If you're observing a lesson, here are seven questions to ask the pupils.Read More
Whether or not you can easily look up the answers to questions is far less important than asking the right questions in the first place.Read More
I don’t know if many people ever look at the categories that blog posts have been assigned to. I know I do sometimes, especially if I’m looking for a particular article or type of article. But, in the interests of making people’s lives as easy as possible as far as finding articles on the ICT in Education website is concerned, I not only assign articles to categories but sometimes make up new categories in order to be even more specific. Thus it was that I recently created a new category called Really?
You’d think that giving people in your team the freedom to teach ICT how they like would be met, by them a least, with unbridled enthusiasm. You’d think that the best way to get on with your boss would be to offer no resistance to his latest idea, even if you secretly believe it is completely nuts. You’d think that not challenging your students when they proudly show you the results of their programming or desktop publishing efforts would be much better than the opposite, lest their (supposedly) fragile self-esteem be damaged.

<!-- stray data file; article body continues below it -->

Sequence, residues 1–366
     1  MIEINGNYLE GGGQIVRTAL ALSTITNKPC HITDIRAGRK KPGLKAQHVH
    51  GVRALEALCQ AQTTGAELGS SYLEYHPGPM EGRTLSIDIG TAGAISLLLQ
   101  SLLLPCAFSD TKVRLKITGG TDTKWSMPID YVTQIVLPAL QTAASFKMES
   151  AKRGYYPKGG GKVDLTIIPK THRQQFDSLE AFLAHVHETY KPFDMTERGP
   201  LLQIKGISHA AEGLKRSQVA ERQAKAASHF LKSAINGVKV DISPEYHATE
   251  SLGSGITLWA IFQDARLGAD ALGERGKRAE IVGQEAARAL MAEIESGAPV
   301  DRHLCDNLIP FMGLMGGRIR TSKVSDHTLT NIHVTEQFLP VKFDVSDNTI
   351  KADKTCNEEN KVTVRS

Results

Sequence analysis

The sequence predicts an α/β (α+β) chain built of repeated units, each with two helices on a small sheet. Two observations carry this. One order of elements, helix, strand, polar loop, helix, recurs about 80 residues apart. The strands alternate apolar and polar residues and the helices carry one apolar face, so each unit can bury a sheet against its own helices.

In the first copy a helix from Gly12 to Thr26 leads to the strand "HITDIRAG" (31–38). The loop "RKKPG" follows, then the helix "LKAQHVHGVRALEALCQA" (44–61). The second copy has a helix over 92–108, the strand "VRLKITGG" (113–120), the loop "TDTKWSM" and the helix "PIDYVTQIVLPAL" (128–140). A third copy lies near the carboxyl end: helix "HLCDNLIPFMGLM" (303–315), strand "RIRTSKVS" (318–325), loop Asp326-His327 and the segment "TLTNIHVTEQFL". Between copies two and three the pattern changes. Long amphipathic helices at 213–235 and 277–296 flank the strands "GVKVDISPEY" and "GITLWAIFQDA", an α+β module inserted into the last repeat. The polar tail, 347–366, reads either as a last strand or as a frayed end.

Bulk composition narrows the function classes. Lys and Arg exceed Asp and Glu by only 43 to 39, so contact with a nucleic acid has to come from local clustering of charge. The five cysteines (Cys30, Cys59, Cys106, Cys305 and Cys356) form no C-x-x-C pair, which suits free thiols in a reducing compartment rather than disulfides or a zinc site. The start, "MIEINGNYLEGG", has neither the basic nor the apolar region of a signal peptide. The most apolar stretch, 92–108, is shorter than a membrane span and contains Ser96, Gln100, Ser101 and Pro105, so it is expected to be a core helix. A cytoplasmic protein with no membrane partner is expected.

You’d be wrong.
It’s a very sad thing, I think, but one thing I have discovered is that if you ask questions, or at least the wrong type of questions, that’s a sure-fire way of attracting opprobrium. A strong word to use, perhaps, but there is little doubt in my mind that daring to question the current conventional wisdom is indeed often regarded as shameful, and usually indicative of not having fully understood the situation.
For example, a lot of people think that one device per child is a good thing to aim for. It certainly sounds admirable, especially in the context of wanting to reduce the digital divide. But when it comes to making purchasing decisions in a school, is it the most sensible or desirable target to aim for? The questions I would ask here are: